Support for LAist comes from
We Explain L.A.
Stay Connected

Share This


Study: Everyone's Ignoring Those No-Texting-While-Driving Laws

Photo by George Fairbairn via Shutterstock
LAist relies on your reader support.
Your tax-deductible gift today powers our reporters and keeps us independent. We rely on you, our reader, not paywalls to stay funded because we believe important news and information should be freely accessible to all.

A study by the National Highway Traffic Safety Administration shows that texting while driving has only increased as states have rolled out laws meant to crack down on the common but deadly practice.

The NHTSA conducted a stake-out out at different intersections around the country, taking snapshots of drivers to find out what else they're doing while they're supposed to have their eyes on the road. It also conducted a phone survey of 6,000 drivers 18 or older a year ago. Here's a round-up of stats from the Associated Press' story on the study:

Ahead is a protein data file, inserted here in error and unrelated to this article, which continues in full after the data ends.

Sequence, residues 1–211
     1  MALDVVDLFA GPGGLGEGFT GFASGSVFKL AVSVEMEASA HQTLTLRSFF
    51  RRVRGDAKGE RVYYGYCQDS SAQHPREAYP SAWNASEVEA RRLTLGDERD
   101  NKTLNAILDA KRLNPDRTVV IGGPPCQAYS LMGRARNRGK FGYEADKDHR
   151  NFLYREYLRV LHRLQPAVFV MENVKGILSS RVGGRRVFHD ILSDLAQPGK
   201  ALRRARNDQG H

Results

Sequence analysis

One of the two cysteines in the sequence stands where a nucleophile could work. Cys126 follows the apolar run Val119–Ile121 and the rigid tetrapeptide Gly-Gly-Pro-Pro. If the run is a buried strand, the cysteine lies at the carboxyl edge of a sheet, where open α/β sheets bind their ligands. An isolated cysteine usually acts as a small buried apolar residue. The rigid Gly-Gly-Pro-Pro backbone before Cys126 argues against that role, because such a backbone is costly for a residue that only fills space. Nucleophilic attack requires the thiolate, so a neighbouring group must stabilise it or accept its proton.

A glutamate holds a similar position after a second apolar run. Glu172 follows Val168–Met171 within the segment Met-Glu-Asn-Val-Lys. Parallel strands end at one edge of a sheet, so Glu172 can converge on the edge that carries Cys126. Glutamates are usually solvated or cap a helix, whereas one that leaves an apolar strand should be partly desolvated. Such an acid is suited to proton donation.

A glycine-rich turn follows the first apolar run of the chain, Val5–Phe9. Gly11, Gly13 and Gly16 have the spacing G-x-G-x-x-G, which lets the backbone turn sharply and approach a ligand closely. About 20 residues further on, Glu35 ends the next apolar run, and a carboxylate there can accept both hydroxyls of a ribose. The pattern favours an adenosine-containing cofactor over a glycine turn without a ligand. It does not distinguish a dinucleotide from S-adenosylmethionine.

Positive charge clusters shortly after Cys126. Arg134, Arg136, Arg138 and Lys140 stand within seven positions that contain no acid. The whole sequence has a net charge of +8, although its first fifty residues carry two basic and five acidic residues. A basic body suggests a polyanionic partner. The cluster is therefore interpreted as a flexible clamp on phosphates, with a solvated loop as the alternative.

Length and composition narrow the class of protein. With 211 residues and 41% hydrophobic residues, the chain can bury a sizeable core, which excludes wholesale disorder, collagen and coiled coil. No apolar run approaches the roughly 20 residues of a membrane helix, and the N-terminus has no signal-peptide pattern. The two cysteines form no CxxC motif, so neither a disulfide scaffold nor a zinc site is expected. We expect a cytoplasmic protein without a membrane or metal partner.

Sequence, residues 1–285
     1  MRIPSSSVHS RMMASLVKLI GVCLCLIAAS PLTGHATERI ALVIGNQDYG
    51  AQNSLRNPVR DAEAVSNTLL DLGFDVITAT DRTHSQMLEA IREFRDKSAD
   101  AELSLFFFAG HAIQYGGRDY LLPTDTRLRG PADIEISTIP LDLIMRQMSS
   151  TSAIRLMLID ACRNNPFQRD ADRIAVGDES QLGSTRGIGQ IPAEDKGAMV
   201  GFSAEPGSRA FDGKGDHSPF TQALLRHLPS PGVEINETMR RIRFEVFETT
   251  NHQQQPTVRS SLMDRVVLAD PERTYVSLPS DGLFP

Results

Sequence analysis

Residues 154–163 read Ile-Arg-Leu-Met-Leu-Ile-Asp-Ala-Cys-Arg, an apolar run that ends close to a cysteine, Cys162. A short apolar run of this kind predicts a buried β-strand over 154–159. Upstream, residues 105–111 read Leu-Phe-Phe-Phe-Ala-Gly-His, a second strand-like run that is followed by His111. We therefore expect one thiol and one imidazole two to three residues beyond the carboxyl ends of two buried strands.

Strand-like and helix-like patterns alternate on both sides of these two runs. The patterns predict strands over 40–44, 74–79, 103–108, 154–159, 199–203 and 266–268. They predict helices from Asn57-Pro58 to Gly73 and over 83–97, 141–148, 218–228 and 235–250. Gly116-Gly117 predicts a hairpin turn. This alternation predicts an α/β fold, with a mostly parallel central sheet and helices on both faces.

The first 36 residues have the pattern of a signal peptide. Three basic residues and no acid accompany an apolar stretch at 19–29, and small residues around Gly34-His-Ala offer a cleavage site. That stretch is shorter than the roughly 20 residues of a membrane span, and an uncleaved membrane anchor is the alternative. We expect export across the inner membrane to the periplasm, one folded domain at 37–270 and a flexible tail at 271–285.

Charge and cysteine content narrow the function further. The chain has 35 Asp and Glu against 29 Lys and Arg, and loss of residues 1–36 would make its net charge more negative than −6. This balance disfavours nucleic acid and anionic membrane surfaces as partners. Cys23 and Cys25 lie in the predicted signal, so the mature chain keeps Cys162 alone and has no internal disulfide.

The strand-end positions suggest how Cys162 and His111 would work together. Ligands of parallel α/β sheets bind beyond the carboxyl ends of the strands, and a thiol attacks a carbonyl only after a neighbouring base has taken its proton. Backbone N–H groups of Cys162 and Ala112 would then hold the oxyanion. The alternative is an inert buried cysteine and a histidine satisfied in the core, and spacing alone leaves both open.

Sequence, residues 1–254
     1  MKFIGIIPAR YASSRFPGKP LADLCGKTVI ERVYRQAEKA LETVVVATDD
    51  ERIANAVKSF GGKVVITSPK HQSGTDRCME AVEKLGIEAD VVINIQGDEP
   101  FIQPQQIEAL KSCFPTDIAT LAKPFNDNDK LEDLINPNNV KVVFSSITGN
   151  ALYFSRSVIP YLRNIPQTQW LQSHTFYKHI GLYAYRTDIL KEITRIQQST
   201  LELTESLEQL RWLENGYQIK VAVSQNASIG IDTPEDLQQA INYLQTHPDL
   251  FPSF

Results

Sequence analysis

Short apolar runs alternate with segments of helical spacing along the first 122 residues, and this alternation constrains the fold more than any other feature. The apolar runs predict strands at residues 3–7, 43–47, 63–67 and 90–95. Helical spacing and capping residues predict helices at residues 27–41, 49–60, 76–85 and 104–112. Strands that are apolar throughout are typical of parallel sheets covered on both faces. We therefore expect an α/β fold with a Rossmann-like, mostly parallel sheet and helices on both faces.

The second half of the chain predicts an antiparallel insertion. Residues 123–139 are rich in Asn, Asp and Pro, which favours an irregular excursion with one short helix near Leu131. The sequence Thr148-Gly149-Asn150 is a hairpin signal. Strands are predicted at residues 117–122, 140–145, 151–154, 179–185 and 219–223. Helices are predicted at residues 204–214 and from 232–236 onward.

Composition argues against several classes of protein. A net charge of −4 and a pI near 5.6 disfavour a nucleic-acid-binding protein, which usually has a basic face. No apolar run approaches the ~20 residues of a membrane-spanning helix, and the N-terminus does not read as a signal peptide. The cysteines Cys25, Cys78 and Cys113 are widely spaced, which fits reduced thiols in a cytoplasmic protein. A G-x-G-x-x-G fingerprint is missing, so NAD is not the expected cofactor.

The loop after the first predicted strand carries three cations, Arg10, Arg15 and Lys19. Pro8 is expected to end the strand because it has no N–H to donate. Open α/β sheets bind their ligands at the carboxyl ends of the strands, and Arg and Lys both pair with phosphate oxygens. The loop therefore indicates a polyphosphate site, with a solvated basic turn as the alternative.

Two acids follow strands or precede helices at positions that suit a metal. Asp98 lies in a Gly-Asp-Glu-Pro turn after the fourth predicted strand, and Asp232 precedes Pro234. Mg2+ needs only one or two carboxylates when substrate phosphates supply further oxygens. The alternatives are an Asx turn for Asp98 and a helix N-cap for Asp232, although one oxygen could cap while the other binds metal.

• 35 states have a ban on texting while driving
  • Based on the stakeout, just under 1 percent (.9 percent) of drivers are texting or using some sort of hand-held device at any given time
  • Last year when they conduct the same stakeout .6 percent of drivers were texting behind the wheel
  • 18 percent of drivers admitted to pollsters that they have sent messages from behind the wheel
  • About half of drivers 21 to 24 admit the same thing
  • 3,092 car crash deaths in 2010 — including this one — were attributed to distracted driving (the NHTSA is just starting to keep track of this so it's hard to tell if this has gotten better or worse)

The NHTSA says it has a solution to this problem: doing a better job of enforcing the laws already on the books. Pilot projects in Syracuse and Hartford showed that high-profile education campaigns and more ticketing reduced the number of distracted drivers on the road by 57 percent and 75 percent respectively.